September 1, 2009

Bugs, rocks, dinosaurs

Just the other day my wife and I were opening up a bank account, and the nice lady who was helping us out asked what we are doing our graduate work on.

Anthropology, I said.

Oh, like the study of bugs?

Nope, not bugs. That's entomology.

Is it the study of rocks?

That's geology.


No again...that would be paleontology. Anthropology is basically the study of humanity through time. It's good stuff (my plug for the field).

Oh, ok. That sounds pretty neat. Well did you want to create a checking account as well, or just a savings account?

And that was the end of the explain-what-anthropology-is session for that encounter. What does this mean to me? The identity of anthropology in the wider public sphere has some issues. Still, the only way is forward. Maybe what we need is a TV show with two argumentative hosts, kinda like Hannity and Colmes but they could argue about homo habilis or the value of postmodernism in between commercials for Marshalltown trowels and all kinds of fancy digital recording equipment.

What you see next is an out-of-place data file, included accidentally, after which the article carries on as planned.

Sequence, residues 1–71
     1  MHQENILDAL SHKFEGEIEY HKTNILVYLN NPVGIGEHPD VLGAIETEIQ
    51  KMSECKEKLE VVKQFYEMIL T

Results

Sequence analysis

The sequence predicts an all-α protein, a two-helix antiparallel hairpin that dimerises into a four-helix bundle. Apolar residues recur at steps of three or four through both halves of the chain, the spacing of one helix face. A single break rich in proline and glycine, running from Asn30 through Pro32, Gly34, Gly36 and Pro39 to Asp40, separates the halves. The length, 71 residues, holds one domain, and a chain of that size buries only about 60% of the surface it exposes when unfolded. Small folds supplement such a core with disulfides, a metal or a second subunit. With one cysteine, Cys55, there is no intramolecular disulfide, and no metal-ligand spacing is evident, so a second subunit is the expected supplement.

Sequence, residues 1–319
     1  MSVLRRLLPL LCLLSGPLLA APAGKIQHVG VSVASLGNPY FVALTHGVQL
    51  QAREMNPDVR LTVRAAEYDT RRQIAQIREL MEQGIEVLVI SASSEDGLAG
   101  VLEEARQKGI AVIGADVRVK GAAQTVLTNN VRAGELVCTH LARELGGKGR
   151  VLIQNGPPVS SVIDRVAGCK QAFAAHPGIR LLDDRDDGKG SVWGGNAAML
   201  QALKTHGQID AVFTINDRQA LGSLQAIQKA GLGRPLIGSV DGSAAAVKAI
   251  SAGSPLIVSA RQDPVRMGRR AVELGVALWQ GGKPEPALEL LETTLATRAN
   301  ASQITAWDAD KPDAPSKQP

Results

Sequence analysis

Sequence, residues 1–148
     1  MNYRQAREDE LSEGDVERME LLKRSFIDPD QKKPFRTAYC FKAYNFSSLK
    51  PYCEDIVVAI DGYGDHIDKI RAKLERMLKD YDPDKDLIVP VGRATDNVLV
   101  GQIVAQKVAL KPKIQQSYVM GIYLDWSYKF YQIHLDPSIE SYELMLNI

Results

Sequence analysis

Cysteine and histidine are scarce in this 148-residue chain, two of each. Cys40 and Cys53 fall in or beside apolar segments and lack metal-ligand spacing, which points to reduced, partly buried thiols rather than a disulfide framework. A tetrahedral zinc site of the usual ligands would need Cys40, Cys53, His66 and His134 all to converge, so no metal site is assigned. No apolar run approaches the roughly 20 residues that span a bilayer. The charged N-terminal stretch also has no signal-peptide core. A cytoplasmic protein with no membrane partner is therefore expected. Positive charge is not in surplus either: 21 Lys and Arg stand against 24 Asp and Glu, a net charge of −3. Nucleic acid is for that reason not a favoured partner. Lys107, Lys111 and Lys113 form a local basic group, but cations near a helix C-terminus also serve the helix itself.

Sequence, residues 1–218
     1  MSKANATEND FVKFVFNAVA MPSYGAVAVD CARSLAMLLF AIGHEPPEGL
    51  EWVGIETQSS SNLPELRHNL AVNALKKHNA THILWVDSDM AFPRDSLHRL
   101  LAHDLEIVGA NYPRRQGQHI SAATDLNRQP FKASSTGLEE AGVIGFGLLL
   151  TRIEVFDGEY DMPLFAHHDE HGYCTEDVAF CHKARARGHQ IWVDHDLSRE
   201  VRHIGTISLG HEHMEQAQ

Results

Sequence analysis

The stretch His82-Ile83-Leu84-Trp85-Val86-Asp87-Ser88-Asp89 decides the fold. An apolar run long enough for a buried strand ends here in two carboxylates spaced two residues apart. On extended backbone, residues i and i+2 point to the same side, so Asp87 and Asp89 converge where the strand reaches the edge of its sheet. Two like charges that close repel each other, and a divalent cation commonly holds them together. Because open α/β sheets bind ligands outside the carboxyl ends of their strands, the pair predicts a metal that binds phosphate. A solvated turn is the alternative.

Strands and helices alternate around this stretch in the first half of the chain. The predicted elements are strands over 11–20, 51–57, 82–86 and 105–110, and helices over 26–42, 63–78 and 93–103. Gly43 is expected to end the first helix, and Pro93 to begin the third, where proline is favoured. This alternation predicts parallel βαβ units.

Sounds like a winner to me.

Note: the above conversation is a somewhat real somewhat fictional conglomeration. But it's true, in the end.

1 comment:

Stacie said...

I got this all this time from tourists when I worked at the Monacan Indian Village in Natural Bridge, VA. Dinosaurs and rocks were popular guesses, and others equated all of anthropology with archaeology. The best guess that I've heard so far came from a colleague today: that it's about "civilizations." Note that most book stores don't have a strong "anthropology" section compared to "history" and "literature" or even "cooking" and "self-help."

I honestly don't know how it could be countered except, perhaps, with more press. My community paper accepts press releases from locals all the time, but it has to, of course, be locally relevant. I don't know what it's like in larger towns. They definitely don't want to read abstract academic papers.